Dr. Patricia Lund

Principal Lecturer in Biosciences, School of Life Sciences, Coventry University

Dr. Patricia Lund’s career-long passion for human genetics started as an undergraduate at the University of the Witwatersrand in South Africa where she was fortunate to study the topic with inspirational geneticists including Professor Trevor Jenkins. As a post graduate her doctoral studies at Oxford involved molecular studies on yeast, but she returned to human genetics when she took up a post at the University of Zimbabwe in the early 1990s.

Meet Patricia Lund

Meet Patricia Lund
Patricia Lund
Patricia with Charles, a man with albinism living on Ukerewe island in Lake Victoria

Early research

Although oculocutaenous albinism type 2 (OCA2) has a high frequency throughout sub-Saharan populations in Africa, there were few academic studies. I started by looking at the frequency and distribution of albinism among schoolchildren, generating information that has practical relevance to policy makers and agencies supporting the health, educational and welfare needs of this vulnerable group, as well as generating a large data set that is informing models in population genetics.

Challenging misconceptions

Since 1999 I have lectured at Coventry University in the UK as part of the bioscience group, endeavouring to pass on my interest in genetics to the next generation. My research work in seven African countries has been enriched by many collaborators, including local albinism associations. We have explored the genetic, health, educational, social and welfare issues that impact on families with albinism. This has particular resonance given the upsurge in reports of attacks, mutilations and other abuses of those with albinism as they are targeted for their body parts for use in witchcraft-related charms erroneously believed to bring good fortune and wealth. Understanding community beliefs about albinism is key to challenging these misconceptions at a regional, national and international level.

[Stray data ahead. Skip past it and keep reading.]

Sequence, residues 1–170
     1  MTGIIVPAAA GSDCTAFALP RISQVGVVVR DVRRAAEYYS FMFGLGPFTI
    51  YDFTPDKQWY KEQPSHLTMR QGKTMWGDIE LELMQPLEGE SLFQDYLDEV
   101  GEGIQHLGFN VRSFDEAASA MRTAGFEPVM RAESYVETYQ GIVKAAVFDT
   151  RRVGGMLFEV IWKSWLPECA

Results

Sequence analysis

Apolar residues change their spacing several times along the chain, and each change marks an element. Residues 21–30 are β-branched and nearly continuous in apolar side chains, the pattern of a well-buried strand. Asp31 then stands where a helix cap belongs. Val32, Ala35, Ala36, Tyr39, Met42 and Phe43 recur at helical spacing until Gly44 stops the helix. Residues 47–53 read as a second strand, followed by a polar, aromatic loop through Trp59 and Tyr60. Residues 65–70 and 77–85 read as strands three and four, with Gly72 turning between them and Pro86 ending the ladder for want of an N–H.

Patricia Lund
Explaining the inheritance of albinism to schoolteachers in Malawi
Patricia Lund
Sharing albinism information with children in Malawi


These multi-faceted studies have investigated: sun protection strategies adopted to reduce the risk of developing sun-induced skin damage; health (especially genetic) care; education (mainstream versus special schools); and social perceptions (and misconceptions) about albinism in African communities.

My field studies have always been fully participatory, involving families with albinism as active partners. Many of the best ideas for research questions have come from them. I have also ensured that studies capture the voices of those living in more remote rural areas, as well as in urban settings. Currently, in 2017, I am developing project ideas with collaborators at Birmingham University to capture the voice of very young children with albinism in east Africa.

Raising awareness

The research evidence has been used to develop posters*, radio dramas* and information pamphlets* to provide accurate information on albinism, support advocacy groups and raise awareness of the genetic explanation for the birth of a pale baby to a dark skinned couple. An exciting collaboration* with the charity Standing Voice* works with local creative artists in Tanzania to use drama, songs and drumming to explain the inheritance of albinism, stressing that it happens by chance when both parents carry the altered gene, and that it is not a curse.

My motivation is to provide the evidence base to inform policy and attitudes to albinism, from the United Nations to village level, with the goal of improving the quality of life for those with albinism in Africa.

Biography : Coventry University website*

*The UN Human Rights Office is not responsible for the contents of external links.

Patricia Lund
A page from an information booklet on albinism for children